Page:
Government Commissions, royal or otherwise, can be a good thing. Cynics might suggest that the only time we have commissions is when things go so wrong the “powers that be” don’t really know what to do, or that it is a way for the “powers that be” to stall. It makes it look like something is being done when nothing is being done. A more favourable viewpoint is that commissions are actually an important part of democracy, that people can get their say, that somehow collective wisdom makes it to the corridors of power. And lastly, there is the view that if you choose not to participate, you have no right to complain.
The Commission for the Review of Social Assistance in Ontario is coming to London on June 29, 2001 for two community consultations at the London Convention Centre.
There are bound to be many suggestions for the Commissioners. The caliber of leadership at the many social service agencies in London is impressive. I am convinced that there will be many useful suggestions and recommendations.
To get the ball rolling, here are 3 general areas that need improvement in the Ontario Works (OW) Program:
- Encourage financial stability and rethink the whole concept of eligibility.
- Increase benefits and close the gap between benefits and the cost of living.
- Remove disincentives and support the gaining and maintaining of employment.
To keep that ball rolling, here are 12 specific suggestions:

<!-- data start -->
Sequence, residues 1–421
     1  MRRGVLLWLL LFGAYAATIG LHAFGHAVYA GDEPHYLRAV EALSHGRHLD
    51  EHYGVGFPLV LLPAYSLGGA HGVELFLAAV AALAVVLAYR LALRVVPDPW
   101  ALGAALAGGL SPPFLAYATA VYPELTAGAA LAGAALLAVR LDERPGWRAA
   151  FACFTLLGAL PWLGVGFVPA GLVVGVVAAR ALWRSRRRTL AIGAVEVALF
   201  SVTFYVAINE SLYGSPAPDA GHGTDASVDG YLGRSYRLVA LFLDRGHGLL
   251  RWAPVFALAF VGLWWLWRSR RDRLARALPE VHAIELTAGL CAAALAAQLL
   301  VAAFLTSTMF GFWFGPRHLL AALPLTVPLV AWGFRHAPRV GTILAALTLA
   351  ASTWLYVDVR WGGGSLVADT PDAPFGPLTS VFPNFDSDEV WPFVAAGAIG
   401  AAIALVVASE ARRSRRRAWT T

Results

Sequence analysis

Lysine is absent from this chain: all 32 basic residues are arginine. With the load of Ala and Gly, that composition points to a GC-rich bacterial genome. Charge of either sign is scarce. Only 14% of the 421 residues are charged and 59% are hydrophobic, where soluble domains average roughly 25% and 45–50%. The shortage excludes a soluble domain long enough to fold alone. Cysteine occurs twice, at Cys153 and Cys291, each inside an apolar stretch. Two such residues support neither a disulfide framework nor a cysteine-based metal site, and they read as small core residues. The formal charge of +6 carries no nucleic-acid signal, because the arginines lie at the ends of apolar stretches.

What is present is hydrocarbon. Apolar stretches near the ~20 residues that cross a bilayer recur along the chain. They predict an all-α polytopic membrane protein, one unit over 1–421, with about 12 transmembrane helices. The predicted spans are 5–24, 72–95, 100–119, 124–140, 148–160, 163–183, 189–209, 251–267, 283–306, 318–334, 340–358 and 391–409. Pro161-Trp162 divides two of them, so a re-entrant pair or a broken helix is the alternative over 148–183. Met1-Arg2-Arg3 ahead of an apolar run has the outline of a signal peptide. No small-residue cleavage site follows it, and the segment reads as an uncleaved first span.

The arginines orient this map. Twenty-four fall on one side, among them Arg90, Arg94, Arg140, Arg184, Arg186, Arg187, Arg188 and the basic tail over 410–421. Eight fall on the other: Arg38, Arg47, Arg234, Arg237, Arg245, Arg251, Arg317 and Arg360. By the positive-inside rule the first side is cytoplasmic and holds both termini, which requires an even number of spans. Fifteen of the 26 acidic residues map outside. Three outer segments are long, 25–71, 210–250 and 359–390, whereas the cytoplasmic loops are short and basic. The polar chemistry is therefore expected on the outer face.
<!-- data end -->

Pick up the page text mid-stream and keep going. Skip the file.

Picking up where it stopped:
- Increase the dollar amount a person can have in savings and still be eligible for Ontario Works from $585 to $5,000.
- Allow people to save for retirement by exempting RRSPs and life insurance policies from the list of assets included in savings.
- Allow participants to have one vehicle, regardless of value.
- Establish an advisory board to review the cost of living in different parts of the province.
- Give people the maximum shelter benefits, allowing them to make their own decisions about how best to use the money to meet their needs.
- Provide a food supplement of up to $100 per month for participants.
- Add a mandatory milk allowance for children up to 2 years of age.
- Give all adults receiving OW a transportation allowance.
- Allow the discretion to deduct only the net amount (after tax) of other government payments, not the gross amount (pre-tax), from the OW benefit.
- Allow individuals who gain employment to keep 50% of what they earn in the first three months of being on OW.
- Allow people to keep 50% of what they earn from self employed earnings.
- Look at loans on a case by case basis, and treat loans as a liability instead of an asset.
These are all great ideas, and they are not mine. In fact, they are not new. They are taken from the City of London’s Child and Youth Network position paper recommending immediate policy changes to the Ontario Works program.
When were these immediate policy changes recommended you ask? Good question! They were submitted to Minister Laurel Broton, The Cabinet Committee on Poverty Reduction, in December 2009.
Contrary to my comments above, I cannot claim any credit for getting this ball rolling. This ball has been rolling for some time!
Peter Rozeluk, Executive Director